Inside A Phoenix EdBoard Meeting

This week’s column will offer readers a glimpse into the rarefied world of a Phoenix Editorial Board Meeting. In retrospect, the first clue that the meeting would not be an ordinary one came several hours before it began, in an e-mail from Editor-in-Chief Marcus Mello ’13. “You guys, we should really drink together some time,” wrote Mello. “I really think it would be a great bonding experience — maybe we could go to Pub Nite after the meeting?”

The subject was quickly forgotten, and by 8 p.m., the office was filled with the usual complement of layout editors, photographers and writers who aren’t quite sure what their job is but are pretty sure that this isn’t the Daily Gazette office.

A few minutes later, the doors burst open, and Mello catapulted into the room, a rosy smile on his face and a handle of Svedka clutched in his arms.

“We’re making some big changes around here,” said Mello, as he sat down on Managing Editor Menghan Jin ’13’s lap.  As Jin glared uncomfortably at the floor, the Editor-in-Chief outlined a plan to revamp the weekly newspaper, including a yearly swimsuit issue featuring Phoenix staff, a secret investigation into Rebecca Chopp’s love life and a fallback plan to outsource all writing to the New York Times.

Around 9 p.m., events took a turn for the worse when Mello proposed a drinking game in which editors took a shot for each grammatical mistake in their section. Pride seems to have come before the fall. Dozens of comma splices and misused semicolons spelled certain hangover on Friday morning.

Soon afterwards, Living & Arts Assistant Editor Alli Shultes was seen standing atop the conference table extolling the virtues of a columnist whom she described as “possibly the greatest living writer of our generation,” further declaring that “he’s not a writer, he’s an artist.”

“Do you know if he’s single?” added a visibly intoxicated Shultes.

The theme of awkward power dynamics reached its peak for the evening when Opinions Editor Preston Cooper proposed a game that creatively combined strip poker and his love of crossword puzzles, the full details of which cannot be printed here.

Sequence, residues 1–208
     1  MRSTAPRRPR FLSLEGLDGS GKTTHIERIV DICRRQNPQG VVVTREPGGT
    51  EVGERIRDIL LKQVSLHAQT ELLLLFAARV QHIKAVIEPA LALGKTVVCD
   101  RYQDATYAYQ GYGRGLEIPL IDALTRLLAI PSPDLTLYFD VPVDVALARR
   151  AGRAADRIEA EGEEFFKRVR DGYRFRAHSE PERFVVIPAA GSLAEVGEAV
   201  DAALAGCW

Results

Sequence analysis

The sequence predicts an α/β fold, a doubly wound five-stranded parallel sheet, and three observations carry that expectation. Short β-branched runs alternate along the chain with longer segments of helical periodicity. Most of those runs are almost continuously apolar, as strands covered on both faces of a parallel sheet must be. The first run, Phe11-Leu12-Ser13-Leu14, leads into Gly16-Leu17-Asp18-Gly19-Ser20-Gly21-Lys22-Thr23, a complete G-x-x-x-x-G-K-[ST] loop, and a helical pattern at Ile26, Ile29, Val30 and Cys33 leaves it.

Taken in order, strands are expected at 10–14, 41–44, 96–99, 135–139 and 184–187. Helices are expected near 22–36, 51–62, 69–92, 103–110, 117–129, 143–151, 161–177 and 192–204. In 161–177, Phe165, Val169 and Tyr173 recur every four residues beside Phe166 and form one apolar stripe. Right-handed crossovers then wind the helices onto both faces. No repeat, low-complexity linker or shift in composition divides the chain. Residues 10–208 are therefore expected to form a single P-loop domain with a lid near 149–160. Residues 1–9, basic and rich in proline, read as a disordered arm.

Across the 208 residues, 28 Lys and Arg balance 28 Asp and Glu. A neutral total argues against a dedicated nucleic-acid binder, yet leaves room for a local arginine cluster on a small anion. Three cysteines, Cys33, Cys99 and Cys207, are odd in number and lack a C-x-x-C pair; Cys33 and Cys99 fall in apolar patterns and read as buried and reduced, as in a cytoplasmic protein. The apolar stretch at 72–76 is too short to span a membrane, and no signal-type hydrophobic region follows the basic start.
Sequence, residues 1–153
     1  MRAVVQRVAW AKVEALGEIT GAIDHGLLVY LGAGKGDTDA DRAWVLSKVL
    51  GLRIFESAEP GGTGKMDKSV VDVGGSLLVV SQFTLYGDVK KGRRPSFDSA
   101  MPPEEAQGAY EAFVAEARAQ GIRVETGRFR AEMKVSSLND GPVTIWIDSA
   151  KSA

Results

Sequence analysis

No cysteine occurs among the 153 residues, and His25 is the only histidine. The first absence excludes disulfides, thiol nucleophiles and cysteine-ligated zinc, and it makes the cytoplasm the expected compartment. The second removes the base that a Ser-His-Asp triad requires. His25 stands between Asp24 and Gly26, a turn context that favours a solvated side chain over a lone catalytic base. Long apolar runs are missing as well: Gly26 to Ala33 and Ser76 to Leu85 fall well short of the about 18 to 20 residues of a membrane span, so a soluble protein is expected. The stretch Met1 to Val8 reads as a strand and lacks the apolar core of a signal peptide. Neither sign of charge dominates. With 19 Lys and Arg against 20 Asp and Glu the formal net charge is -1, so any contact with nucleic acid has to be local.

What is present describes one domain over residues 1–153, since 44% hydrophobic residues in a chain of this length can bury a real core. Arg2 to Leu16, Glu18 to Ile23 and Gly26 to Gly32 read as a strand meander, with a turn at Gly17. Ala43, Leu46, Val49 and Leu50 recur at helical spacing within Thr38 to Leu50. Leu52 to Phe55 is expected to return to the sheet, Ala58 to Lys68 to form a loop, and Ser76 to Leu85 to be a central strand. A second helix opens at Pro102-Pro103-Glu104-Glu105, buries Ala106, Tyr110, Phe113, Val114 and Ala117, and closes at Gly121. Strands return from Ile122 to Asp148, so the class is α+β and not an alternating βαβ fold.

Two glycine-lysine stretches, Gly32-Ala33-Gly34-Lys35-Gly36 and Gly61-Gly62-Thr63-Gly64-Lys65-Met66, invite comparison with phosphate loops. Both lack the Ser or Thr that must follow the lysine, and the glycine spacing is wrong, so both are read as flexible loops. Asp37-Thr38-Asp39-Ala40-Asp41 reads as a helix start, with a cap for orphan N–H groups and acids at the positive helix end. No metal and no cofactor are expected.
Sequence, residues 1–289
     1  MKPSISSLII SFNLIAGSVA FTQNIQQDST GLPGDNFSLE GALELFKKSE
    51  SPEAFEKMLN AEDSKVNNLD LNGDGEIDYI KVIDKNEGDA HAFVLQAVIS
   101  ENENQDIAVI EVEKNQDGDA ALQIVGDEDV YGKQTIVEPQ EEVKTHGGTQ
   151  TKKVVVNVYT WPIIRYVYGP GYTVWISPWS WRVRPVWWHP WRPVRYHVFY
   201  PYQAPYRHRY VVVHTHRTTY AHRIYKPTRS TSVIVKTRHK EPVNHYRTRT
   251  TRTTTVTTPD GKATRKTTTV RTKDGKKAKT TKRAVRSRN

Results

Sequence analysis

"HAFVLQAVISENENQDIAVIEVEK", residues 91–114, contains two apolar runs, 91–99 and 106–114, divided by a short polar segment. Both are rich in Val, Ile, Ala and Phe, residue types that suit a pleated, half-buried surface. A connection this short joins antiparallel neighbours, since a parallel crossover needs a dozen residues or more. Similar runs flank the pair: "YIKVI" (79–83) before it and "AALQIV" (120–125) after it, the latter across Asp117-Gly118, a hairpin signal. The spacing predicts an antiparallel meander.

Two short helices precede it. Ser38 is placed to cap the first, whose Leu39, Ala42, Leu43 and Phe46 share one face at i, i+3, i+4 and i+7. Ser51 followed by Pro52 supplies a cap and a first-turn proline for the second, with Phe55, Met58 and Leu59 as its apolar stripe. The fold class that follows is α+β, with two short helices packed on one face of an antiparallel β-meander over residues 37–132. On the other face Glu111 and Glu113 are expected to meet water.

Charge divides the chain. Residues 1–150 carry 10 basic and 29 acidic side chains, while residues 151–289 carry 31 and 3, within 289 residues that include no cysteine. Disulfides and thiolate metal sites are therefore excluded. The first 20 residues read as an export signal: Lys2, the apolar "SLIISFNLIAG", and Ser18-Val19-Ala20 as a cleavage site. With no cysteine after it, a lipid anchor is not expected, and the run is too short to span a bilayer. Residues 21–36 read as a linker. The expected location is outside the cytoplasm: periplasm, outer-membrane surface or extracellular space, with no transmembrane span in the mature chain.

As the situation continued to deteriorate, Mello donned a newspaper hat hastily folded from a century-old framed copy of the Phoenix’s inaugural issue. “The Daily Gazette has stolen one story too many,” declared an exuberant Mello. “I hereby declare war!”

“May your columnists always fail to meet deadlines,” shouted Mello as he faced the empty Gazette office.

The festive atmosphere of the evening was broken only once, when News Editor Koby Levin ’14 insisted on placing a call to a former writer. Despite the discouragement of his peers, Levin proceeded to leave a 15-minute voicemail in which he described the “pain of writing without you” and mentioned that “[my] heart beats more quickly when I see your name in print.”

Meanwhile, Layout editor Parker Murray ’15 alone remained focused on the task at hand. “Man, am I good at layout, or am I the best,” he mumbled to himself as he spent the next ten minutes staring carefully at the border of a text-wrapped illustration.

At press time, Shultes and Mello had ordered pizza and had begun to wonder why they had assigned writers to cover such innovative topics as “Sharples Granola Theft” and “Which Professor is hottest?”

Please turn to page 21 for an Editorial on underage drinking.

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